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The Struggles of Organizing as Trans Women of Color

By |2018-09-12T11:08:54-04:00September 12th, 2018|Michigan, News|

Trans Sistas of Color Project Detroit (TSCOPD) Founder and Executive Director Bre’ Campbell shocked many at the beginning of the summer when she announced in a post on Facebook that she had actually left Detroit and relocated to New Mexico more than six months ago. She made this announcement while expressing resentment toward a funder, who she did not name, that Campbell said had threatened to take back their money upon learning that Campbell was no longer living in Michigan.
“I get the [funder’s] concern but I often times feel like the conversation often doesn’t come from a place of concern,” Campbell said. “People threaten to take away my funding without actually asking me if I’m OK. So I think that for me is the bigger problem. People expect us to perform miracles. They expect us to do work on behalf of communities who don’t support us and don’t really understand the work that we’re doing.”
Campbell said for the last three years before leaving Michigan she was spending large periods of time out of the state on actual work for the agency. She was literally zigzagging across the country in search of funds.
“We don’t get supported in Detroit,” Campbell said. “I actually moved around to work for us. For the last three years, I’ve literally been traveling across the country to get money for our organization so that we can do the things that we do.”
Since leaving Michigan, Campbell named the interim executive director of Affirmations, an LGBTQ community center, Lilianna Reyes the co-executive director of the TSCOPD.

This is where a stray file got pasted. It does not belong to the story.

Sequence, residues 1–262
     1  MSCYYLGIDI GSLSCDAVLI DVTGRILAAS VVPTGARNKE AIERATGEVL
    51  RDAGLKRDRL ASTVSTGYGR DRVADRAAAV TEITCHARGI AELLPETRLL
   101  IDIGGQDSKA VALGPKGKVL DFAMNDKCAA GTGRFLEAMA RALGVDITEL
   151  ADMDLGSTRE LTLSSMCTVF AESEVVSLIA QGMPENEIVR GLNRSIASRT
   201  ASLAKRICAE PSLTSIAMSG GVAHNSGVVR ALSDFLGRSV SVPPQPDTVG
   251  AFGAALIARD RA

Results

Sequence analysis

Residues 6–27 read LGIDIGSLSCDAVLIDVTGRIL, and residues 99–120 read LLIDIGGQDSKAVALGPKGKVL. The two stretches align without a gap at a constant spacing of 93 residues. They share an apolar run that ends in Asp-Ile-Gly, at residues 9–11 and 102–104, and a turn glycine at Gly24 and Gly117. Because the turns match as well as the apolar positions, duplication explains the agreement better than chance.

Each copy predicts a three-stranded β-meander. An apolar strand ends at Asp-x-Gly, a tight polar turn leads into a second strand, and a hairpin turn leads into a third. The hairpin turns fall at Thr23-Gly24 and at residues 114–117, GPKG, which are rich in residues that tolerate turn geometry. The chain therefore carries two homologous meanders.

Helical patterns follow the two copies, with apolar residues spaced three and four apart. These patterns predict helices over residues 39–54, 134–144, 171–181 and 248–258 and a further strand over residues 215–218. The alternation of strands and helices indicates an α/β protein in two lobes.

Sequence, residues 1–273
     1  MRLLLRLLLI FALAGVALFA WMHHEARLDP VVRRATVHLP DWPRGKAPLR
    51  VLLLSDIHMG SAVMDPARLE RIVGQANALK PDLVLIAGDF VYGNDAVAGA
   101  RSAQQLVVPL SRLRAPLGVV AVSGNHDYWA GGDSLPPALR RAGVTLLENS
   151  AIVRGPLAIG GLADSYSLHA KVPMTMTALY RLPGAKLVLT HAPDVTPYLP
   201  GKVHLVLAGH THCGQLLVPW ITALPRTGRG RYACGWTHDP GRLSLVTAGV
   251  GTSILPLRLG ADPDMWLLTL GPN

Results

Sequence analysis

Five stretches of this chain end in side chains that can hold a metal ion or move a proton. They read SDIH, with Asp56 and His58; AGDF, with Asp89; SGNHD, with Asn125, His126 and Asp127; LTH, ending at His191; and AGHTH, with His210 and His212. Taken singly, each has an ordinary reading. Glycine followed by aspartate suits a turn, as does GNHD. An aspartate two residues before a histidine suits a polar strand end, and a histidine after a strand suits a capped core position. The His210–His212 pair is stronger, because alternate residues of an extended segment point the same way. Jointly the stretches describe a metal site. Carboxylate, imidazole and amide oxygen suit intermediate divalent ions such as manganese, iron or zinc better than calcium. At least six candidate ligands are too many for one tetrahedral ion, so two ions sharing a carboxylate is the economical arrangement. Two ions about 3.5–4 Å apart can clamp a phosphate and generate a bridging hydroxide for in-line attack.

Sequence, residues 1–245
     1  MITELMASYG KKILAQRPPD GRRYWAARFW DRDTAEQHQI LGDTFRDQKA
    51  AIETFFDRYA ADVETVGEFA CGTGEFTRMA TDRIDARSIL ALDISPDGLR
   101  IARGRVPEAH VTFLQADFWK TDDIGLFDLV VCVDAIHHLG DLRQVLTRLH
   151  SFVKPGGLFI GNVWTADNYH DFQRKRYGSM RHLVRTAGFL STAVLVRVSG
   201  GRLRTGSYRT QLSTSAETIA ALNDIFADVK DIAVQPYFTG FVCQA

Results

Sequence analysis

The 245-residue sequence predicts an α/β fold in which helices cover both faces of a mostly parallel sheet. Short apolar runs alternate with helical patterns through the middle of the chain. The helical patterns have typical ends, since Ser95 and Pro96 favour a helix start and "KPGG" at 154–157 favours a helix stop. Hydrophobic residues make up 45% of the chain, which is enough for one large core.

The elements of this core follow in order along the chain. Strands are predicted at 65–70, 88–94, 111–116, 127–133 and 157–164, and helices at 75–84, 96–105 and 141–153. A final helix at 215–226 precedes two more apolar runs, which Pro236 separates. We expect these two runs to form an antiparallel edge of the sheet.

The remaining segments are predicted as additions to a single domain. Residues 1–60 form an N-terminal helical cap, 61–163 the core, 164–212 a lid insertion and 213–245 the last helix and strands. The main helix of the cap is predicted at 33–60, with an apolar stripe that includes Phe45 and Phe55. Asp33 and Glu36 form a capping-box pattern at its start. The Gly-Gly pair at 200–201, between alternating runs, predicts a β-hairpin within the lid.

“We get no local Michigan funds,” Reyes said. “Not one foundation in Michigan supports us. Most of our support comes from either New York or D.C. They come from either AIDS-focused grants or they come from (the) marginalized Third Wave Fund, and there’s some other smaller funding that goes into specifically marginalized communities. So, it’s very intentional money that we get. We don’t go after the DTEs or the GMs because there’s so much red tape, and most of those grants have strict requirements about not giving money out.”
However, giving money out directly has become TSOCPD’s first priority. Through their emergency assistance program, the agency allows trans women of color who were either born in or live in the city of Detroit to access funds quickly.
“You can get up to $500 a year,” Reyes said. “Every now and then in dire circumstances we’ll do two. But that doesn’t mean they’ll get $500. They could get $250 or they could get $300. It depends on how much we have on hand at the moment and how many girls are applying. For instance, we gave $300 to a trans young woman of color who was doing prom, one woman from Detroit was involved in the shooting in the Las Vegas club so we gave her funds. We usually do housing costs, court courts, medical costs, transition costs, name change costs. You fill out something online, and within 10 days you’ll have your check.”
The current program was not the initial direction in which the agency intended to go when Campbell created it three years ago, but upon examining the needs of the community they served, TSCOPD was compelled to create it.
“When we first started TSCOPD, a lot of our funders at that time and even Equality Michigan, who was our fiduciary, were really pushing polices,” Reyes said. “I think some people think if you change policies you’ll change all of this. When we started to do that lots of trans women of color were like, ‘We don’t care about policy. Policy is this long, drawn out battle. I’m working on Six Mile and Woodward and I’m selling my body and I’m going through all this stuff. You think I’m going to wait a year? You think I’m going to help you canvas? It’s just not happening.’